The IIROC’s focus on cybersecurity isn’t that new either. In a dedicated corner of the SRO website, it offers a wealth of information that will help members adequately prepare and respond to digital threats. This includes a collection of guides and resources to help dealers and their customers protect themselves. The earliest were released in December 2015.
“I think it’s important to put in context that cybersecurity risks have been a major focus for a number of years. It’s not just a new phenomenon, “said Irene Winel, Senior Vice President of Member Regulation and Strategy, in an interview with Wealth Professional. “However, with increasing digitalization, an increasing flow of digital assets, and all types of people working from home as a result of the pandemic, these risks have certainly increased in our industry as well as in other industries around the world.”
Winel declined to provide concrete metrics on how much the cyber risk threat has increased in the investment industry, but previous communications from the IIROC indicate hotspots of malicious activity. In March, it issued a notice outlining the steps businesses could take to prevent, detect, and respond to ransomware attacks. Another announcement last June focused on cloud services and application interfaces, which are increasingly being targeted by cyber attackers who are able to identify and exploit specific vulnerabilities.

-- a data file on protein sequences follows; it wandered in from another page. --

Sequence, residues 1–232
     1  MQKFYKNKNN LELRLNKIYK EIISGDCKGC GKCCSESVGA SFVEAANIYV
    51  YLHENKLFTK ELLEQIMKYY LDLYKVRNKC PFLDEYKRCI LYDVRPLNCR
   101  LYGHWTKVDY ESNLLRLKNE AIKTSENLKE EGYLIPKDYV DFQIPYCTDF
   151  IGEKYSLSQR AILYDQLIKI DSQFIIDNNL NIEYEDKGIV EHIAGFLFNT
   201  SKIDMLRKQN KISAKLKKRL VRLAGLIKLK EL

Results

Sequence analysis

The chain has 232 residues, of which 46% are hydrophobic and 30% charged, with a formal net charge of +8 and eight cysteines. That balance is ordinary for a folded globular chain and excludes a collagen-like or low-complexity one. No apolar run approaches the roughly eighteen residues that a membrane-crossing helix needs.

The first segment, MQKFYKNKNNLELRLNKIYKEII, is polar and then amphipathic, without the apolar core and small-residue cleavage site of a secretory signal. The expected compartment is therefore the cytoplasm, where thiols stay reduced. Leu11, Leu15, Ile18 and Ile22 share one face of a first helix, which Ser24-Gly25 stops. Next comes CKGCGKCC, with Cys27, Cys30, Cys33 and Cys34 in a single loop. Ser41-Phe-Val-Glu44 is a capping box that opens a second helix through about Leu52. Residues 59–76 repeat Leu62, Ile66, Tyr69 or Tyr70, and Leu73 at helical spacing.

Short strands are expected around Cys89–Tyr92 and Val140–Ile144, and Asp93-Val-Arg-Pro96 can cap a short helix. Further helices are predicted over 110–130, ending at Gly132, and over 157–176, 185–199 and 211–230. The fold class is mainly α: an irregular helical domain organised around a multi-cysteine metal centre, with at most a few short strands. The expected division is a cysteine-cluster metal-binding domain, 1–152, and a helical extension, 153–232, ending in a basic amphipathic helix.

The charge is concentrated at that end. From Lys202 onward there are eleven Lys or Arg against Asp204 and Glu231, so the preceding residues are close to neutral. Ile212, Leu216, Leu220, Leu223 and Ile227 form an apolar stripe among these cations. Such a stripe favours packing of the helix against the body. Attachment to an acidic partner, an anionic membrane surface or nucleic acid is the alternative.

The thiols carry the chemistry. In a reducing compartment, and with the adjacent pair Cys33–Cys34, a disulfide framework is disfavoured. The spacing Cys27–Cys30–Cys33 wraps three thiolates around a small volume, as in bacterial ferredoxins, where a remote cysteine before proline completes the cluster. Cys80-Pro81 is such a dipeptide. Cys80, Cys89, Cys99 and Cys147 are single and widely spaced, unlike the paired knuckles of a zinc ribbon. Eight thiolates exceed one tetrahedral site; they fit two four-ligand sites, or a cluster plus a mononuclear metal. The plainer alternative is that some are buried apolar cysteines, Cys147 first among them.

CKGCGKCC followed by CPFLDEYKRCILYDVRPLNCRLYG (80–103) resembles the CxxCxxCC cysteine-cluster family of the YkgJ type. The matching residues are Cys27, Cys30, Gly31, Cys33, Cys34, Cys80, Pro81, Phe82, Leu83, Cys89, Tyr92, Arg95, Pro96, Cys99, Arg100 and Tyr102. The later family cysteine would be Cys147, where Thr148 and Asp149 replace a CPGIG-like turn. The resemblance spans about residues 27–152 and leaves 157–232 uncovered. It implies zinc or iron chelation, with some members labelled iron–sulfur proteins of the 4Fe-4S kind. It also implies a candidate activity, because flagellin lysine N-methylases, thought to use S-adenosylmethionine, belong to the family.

Describing the past year as a “test of corporate resilience,” Winel said companies have carefully crafted business continuity plans even as they have made arrangements to work from home due to the pandemic. She also stressed the need for organizations to improve their security, learn more about emerging threats, and conduct much-needed organizational readiness tests.
“The IIROC’s focus has been over the years and continues to support the smaller and independent businesses that may not have the benefit of being part of larger integrated institutions and all of their associated resources,” she added.